Big Dig Moves Congestion to Suburbs

Since its completion, Boston's Big Dig freeway project has succeeded in reducing congestion downtown, but new figures show the congestion has merely moved out of the central city into suburban areas.
November 19, 2008, 6am PST | Nate Berg
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"A Globe analysis of state highway data documents what many motorists have come to realize since the new Central Artery tunnels were completed: While the Big Dig achieved its goal of freeing up highway traffic downtown, the bottlenecks were only pushed outward, as more drivers jockey for the limited space on the major commuting routes."

"Ultimately, many motorists going to and from the suburbs at peak rush hours are spending more time stuck in traffic, not less. The phenomenon is a result of a surge in drivers crowding onto highways - an ironic byproduct of the Big Dig's success in clearing away downtown traffic jams."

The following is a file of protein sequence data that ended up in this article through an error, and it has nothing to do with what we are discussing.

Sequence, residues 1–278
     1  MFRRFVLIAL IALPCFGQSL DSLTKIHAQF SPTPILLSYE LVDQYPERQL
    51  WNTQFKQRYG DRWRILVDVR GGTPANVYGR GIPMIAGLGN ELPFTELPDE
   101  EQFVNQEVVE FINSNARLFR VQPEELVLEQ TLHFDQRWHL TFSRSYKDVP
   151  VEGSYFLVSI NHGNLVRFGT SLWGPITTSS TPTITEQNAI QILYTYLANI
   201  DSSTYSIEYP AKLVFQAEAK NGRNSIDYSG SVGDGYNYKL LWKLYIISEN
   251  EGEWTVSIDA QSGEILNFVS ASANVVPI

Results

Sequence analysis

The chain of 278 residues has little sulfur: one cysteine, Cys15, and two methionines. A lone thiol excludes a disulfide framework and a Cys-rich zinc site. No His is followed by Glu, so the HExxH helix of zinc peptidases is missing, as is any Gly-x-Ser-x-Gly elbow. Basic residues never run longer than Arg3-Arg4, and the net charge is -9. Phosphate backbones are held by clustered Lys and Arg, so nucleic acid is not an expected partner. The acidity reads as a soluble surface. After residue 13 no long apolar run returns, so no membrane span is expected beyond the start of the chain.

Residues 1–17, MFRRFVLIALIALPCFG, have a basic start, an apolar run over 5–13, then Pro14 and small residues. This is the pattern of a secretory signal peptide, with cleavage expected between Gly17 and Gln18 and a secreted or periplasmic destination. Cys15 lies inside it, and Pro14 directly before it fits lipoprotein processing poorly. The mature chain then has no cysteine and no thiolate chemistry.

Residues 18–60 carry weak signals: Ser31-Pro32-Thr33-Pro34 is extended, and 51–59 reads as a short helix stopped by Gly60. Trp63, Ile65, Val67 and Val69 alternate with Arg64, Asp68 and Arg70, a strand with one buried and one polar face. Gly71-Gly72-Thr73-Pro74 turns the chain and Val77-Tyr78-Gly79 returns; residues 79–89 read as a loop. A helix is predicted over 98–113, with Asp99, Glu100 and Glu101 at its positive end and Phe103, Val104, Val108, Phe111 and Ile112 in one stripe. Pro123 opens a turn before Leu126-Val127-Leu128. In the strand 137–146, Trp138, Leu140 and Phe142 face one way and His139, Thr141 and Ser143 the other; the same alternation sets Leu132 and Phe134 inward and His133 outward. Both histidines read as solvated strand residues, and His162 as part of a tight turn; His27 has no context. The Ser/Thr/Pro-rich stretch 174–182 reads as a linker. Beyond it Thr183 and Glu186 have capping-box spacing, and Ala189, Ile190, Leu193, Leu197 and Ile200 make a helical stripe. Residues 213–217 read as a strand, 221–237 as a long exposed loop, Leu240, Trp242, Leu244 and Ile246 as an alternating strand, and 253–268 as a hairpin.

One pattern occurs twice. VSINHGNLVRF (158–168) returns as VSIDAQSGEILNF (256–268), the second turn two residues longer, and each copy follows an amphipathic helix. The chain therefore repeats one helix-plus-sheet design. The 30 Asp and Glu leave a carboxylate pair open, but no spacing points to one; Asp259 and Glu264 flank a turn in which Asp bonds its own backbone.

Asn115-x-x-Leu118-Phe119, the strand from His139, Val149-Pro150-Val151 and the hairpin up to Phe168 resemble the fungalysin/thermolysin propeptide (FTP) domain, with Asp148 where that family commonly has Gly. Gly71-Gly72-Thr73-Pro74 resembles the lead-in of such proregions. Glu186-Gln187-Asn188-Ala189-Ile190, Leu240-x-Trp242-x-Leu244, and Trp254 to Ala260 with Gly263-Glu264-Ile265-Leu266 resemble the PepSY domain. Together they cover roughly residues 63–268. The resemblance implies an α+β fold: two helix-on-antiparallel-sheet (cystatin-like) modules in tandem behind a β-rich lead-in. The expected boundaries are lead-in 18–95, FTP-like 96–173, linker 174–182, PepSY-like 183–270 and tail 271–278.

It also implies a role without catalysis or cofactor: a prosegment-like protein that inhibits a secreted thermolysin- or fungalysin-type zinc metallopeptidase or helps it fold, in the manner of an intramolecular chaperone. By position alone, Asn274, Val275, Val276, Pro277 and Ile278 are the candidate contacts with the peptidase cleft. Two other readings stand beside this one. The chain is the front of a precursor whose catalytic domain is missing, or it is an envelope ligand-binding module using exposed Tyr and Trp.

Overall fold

"The upshot is that Massachusetts, for the $15 billion invested by the state and federal taxpayers, got a gleaming new highway system that has made zipping beneath Boston and Boston Harbor much easier. It increased overall mobility by allowing more people to travel at peak times. But most travelers who use the tunnels are still spending time in traffic jams - just not in the heart of the city, where bumper-to-bumper was a way of life on the old elevated artery."

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Published on Sunday, November 16, 2008 in The Boston Globe
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